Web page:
Europe's Counter to Trump's Tariffs Could Hit Harley, Levi's, Bourbon - NBC Southern California
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Europe's Counter to Trump's Tariffs Could Hit Harley, Levi's, Bourbon

"This is basically a stupid process, the fact that we have to do this. But we have to do it," EU Commission President Jean-Claude Juncker said last week

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    NEWSLETTERS

    Trump Announces Plan for New Steel and Aluminum Tariffs

    President Donald Trump's plans to impose heavy, punishing penalties on foreign steel and aluminum raised fears of a global trade war and brought a response from global markets. Trump plans to put a 25 percent tariff on steel imports and a 10 percent tariff on aluminum imports. (Published Friday, March 2, 2018)

    The European Union says it is ready to retaliate against the U.S. over President Donald Trump's proposed tariffs on steel and aluminum, with counter-measures against iconic U.S. products like Harley Davidson motorcycles, Levi's jeans and bourbon.

    Trade Commissioner Cecilia Malmstroem said Wednesday that the EU, the world's biggest trading bloc, rejects Trump's reasoning that the tariffs are backed by the international legal right to protect national security.

    Should tariffs be introduced, the EU and other partners would take the case to the World Trade Organization, she said. The EU is circulating among member states a list of U.S. goods to target so that it can respond as quickly as possible.

    "We cannot see how the European Union, friends and allies in NATO, can be a threat to international security in the U.S.," Malmstroem told reporters. "From what we understand, the motivation of the U.S. is an economic safeguard measure in disguise, not a national security measure."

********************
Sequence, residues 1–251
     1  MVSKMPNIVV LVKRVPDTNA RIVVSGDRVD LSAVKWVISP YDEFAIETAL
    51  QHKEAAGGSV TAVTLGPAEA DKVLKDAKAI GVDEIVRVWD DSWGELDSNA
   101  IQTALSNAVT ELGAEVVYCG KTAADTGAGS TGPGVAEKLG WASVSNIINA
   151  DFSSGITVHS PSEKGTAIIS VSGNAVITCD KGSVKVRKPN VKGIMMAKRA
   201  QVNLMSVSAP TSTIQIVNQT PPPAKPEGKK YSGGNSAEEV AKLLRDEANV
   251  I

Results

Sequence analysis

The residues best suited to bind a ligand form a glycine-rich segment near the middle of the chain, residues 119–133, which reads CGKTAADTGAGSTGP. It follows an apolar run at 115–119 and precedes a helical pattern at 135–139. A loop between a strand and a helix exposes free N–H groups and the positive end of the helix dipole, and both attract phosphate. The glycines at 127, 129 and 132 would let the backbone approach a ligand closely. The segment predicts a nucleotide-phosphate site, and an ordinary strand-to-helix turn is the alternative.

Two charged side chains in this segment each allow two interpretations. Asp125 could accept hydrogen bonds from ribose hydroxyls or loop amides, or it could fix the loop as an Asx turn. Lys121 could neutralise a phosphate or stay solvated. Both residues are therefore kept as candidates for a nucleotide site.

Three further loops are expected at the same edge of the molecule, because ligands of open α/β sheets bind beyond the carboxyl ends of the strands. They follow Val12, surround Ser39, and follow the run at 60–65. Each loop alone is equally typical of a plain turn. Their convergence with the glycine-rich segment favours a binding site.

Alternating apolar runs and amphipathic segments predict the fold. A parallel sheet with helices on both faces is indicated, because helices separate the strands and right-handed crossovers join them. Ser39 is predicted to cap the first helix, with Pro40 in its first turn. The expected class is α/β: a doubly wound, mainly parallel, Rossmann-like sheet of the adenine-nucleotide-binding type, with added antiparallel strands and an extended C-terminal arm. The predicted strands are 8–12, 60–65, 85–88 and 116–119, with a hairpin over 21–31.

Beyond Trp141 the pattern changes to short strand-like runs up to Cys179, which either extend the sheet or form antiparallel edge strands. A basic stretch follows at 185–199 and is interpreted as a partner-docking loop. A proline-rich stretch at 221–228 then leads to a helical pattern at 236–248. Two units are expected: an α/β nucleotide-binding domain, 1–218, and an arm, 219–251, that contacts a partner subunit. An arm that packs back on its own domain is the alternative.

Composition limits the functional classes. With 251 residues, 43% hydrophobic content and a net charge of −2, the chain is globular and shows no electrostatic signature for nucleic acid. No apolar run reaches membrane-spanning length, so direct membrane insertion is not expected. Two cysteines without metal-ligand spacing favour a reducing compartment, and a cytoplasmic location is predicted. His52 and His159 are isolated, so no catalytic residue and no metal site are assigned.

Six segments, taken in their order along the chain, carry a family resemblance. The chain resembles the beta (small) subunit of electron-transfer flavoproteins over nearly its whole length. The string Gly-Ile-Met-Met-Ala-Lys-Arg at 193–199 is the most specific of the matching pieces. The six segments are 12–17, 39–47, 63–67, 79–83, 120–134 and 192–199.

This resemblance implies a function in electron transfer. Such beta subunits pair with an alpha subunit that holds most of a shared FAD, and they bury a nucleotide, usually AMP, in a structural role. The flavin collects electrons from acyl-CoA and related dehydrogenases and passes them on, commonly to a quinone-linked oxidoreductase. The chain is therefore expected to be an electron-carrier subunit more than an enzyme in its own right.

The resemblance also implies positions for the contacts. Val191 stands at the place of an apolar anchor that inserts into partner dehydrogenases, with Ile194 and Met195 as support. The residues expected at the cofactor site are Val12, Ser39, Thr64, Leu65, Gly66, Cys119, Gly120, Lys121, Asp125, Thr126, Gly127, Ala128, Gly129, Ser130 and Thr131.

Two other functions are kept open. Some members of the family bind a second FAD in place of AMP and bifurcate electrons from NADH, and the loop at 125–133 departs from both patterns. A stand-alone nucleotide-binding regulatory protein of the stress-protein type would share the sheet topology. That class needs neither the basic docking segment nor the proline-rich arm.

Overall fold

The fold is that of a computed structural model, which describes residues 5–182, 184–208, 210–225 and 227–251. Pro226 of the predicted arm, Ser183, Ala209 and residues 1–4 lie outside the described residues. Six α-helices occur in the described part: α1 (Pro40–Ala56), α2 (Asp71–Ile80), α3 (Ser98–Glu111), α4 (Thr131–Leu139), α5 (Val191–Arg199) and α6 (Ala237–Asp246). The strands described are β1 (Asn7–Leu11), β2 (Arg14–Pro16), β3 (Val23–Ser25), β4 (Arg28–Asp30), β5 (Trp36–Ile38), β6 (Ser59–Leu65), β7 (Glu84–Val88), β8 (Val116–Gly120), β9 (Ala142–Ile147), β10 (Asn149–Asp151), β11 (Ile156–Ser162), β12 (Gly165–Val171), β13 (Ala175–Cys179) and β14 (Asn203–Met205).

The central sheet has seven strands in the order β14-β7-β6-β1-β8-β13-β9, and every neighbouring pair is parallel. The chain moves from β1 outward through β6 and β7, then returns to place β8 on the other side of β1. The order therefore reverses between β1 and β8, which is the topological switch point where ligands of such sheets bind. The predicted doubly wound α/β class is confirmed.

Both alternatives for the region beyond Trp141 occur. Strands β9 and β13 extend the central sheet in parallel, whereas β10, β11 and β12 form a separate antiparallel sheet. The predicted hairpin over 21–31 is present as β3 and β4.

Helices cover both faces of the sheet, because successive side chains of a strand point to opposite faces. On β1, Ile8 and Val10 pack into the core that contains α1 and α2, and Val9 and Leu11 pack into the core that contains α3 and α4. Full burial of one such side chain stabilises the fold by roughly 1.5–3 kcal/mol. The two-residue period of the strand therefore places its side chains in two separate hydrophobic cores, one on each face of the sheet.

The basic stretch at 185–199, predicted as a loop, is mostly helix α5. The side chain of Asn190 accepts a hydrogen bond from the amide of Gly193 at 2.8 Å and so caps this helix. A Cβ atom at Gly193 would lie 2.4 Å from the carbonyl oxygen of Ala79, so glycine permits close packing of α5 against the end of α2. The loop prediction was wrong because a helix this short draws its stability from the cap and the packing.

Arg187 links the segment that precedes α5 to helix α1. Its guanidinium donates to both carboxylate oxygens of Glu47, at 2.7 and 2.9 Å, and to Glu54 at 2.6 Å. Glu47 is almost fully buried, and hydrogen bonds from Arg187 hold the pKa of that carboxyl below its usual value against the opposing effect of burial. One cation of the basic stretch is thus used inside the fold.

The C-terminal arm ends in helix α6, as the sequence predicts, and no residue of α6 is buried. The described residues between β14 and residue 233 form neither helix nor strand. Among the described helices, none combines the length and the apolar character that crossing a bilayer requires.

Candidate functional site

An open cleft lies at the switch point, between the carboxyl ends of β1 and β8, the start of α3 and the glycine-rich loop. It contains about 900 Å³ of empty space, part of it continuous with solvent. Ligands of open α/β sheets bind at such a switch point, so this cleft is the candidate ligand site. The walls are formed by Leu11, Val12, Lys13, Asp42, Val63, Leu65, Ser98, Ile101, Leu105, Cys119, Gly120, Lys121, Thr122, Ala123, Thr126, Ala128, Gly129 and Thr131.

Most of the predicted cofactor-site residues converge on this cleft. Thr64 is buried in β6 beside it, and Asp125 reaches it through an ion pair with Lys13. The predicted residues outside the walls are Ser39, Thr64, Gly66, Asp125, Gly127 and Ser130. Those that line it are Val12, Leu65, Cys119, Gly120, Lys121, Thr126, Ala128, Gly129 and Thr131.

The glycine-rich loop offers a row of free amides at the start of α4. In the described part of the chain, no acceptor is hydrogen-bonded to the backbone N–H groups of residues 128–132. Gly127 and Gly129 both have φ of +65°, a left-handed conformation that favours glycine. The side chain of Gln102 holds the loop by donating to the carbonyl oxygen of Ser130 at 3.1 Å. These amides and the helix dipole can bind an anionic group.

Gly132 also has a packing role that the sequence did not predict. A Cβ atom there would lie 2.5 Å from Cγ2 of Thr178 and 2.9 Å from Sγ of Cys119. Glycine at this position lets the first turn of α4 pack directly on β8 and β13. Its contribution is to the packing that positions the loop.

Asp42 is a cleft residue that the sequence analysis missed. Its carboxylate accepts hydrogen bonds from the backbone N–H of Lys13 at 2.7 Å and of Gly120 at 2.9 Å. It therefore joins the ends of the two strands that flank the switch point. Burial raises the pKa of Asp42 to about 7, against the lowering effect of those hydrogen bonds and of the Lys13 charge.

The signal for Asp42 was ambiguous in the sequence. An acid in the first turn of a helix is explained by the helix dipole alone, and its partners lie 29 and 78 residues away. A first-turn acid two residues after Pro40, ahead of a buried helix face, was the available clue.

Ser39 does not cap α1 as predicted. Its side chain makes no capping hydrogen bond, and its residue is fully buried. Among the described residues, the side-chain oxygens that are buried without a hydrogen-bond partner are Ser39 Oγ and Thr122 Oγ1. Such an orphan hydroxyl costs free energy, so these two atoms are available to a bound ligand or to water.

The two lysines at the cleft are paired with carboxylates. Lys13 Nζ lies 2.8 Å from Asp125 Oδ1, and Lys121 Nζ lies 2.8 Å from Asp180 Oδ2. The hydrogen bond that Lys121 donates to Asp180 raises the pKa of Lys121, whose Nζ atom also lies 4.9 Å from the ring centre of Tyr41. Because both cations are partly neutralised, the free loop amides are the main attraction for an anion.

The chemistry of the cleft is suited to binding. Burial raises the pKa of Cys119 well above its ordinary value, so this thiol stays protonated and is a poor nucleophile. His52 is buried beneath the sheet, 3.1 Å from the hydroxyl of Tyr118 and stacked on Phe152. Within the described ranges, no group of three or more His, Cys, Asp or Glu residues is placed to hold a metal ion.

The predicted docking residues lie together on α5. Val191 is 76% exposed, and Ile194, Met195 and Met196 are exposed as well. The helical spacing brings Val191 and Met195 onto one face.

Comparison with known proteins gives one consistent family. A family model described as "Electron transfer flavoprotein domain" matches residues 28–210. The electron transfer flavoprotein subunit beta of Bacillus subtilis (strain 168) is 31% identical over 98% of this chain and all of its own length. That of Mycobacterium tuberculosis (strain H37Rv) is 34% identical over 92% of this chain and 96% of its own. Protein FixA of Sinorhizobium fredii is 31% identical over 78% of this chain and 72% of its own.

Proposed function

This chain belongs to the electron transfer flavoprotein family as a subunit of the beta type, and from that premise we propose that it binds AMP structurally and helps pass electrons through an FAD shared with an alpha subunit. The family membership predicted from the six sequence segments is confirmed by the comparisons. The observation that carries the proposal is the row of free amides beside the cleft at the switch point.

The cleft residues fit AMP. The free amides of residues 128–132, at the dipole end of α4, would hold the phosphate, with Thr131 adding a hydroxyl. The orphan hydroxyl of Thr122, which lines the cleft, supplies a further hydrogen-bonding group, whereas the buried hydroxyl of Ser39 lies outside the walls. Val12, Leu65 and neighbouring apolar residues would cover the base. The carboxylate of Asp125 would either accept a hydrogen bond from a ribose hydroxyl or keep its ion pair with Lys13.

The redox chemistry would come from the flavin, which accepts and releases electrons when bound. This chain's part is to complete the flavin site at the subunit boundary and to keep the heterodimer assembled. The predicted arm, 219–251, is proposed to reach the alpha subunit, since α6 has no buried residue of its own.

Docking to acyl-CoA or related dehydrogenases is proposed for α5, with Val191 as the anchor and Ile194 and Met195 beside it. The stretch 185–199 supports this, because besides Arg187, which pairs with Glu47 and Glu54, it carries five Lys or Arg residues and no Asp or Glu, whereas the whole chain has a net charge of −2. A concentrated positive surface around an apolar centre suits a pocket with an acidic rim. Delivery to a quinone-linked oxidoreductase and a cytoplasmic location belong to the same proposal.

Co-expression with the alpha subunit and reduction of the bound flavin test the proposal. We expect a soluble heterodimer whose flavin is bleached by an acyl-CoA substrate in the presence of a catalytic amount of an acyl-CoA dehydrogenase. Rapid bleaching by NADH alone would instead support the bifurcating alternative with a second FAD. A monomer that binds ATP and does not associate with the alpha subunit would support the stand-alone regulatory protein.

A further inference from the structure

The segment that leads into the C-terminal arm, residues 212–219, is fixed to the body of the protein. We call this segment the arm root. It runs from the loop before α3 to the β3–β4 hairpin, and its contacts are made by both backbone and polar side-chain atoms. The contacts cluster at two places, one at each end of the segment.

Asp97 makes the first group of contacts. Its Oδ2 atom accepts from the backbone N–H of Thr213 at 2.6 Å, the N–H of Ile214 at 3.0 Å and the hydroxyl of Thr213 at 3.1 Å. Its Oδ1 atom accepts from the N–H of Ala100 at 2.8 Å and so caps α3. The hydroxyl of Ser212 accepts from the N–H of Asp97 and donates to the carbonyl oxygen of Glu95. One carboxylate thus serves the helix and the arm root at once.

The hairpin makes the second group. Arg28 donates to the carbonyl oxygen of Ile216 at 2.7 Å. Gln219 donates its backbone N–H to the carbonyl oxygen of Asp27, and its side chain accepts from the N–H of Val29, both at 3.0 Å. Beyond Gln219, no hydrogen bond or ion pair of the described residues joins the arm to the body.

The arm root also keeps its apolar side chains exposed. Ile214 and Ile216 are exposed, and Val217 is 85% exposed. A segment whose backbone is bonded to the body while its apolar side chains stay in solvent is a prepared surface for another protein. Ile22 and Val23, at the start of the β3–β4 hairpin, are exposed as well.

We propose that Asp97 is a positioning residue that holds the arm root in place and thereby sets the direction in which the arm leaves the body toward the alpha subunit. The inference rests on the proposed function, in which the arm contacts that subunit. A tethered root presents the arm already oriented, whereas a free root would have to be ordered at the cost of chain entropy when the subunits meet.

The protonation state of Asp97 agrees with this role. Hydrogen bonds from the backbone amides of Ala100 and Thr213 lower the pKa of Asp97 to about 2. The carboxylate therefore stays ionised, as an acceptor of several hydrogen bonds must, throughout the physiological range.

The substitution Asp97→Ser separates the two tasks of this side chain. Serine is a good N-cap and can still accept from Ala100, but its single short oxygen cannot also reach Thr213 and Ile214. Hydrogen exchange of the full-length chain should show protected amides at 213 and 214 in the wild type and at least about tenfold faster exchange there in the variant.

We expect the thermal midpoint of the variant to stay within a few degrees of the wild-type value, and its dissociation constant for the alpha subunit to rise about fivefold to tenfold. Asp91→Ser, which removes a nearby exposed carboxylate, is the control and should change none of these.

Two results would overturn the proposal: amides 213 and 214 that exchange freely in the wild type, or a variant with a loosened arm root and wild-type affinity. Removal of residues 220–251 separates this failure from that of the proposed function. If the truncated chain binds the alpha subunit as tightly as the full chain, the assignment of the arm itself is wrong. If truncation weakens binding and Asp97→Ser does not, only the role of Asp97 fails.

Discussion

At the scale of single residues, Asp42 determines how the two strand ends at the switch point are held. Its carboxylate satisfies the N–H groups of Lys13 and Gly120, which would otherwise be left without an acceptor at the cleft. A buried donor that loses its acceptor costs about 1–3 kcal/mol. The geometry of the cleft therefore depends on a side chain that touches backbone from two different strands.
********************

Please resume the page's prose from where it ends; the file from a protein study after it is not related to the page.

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    (Published Thursday, May 17, 2018)

    Trump has long railed against what he deems unfair trade practices by China and others, and last week declared that his government would levy penalties of 25 percent on imported steel and 10 percent on aluminum imports. The tariffs, he said, would remain for "a long period of time," but it was not clear if certain trading partners would be exempt.

    Malmstroem said Trump's motives do not appear compatible with WTO rules and that this means the EU can activate safeguards to protect its own markets.

    She confirmed that the EU's counter-measures would include tariffs on U.S. steel and agricultural products, as well as other products like bourbon, peanut butter, cranberries and orange juice.

    "This is basically a stupid process, the fact that we have to do this. But we have to do it," EU Commission President Jean-Claude Juncker had said last week. "We will now impose tariffs on motorcycles, Harley Davidson, on blue jeans, Levi's, on bourbon. We can also do stupid."

    The list of U.S. goods to target is being circulated among EU member states for approval.

    The EU exported about 5.5 million ton of steel to the U.S. last year. The Commission also has plans in case steel from other producers is dumped on European markets.

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    EU Council President Donald Tusk, who chairs summits of presidents and prime ministers, said the bloc's leaders will discuss the issue at their next meeting on March 22-23.

    He rejected Trump's assertion in a tweet that trade wars are good and easy to win. "The truth is quite the opposite: trade wars are bad and easy to lose," said Tusk. He urged politicians on both sides of the Atlantic "to act responsibly."

    In Berlin, Germany's economy minister warned that "the situation is serious."

    Economy Minister Brigitte Zypries, whose country is Europe's economic powerhouse, said the EU will "be ready to react appropriately. However, it is our goal to avoid a trade war."

    Zypries said in a statement she hopes Trump will change his mind.

    "Trade creates wealth, when it is based on exchange and cooperation," she said. Referring indirectly to the surprise resignation of Trump's top economic adviser Gary Cohn Tuesday, she added that "advocates for this in the U.S. administration are very important. Therefore the current signals from the U.S. make me worried."

    Malmstroem underlined that the real problem is oversupply of steel and aluminum in the global market, and she urged Washington to work with the Europeans to address the root causes.

    She recalled that similar U.S. action on steel in 2002 by then president George W. Bush "cost thousands and thousands of U.S. jobs" and said she hoped that Washington has not forgotten this.

    At that time, the EU compiled a list of items for retaliatory tariffs that included steel products, but also orange juice, apples, sunglasses, knitwear, motor boats and photocopying machines. It represented $2.2 billion in U.S. exports to the EU. Bush withdrew the steel tariffs and the list was never acted upon.

    Kirsten Grieshaber contributed to this report.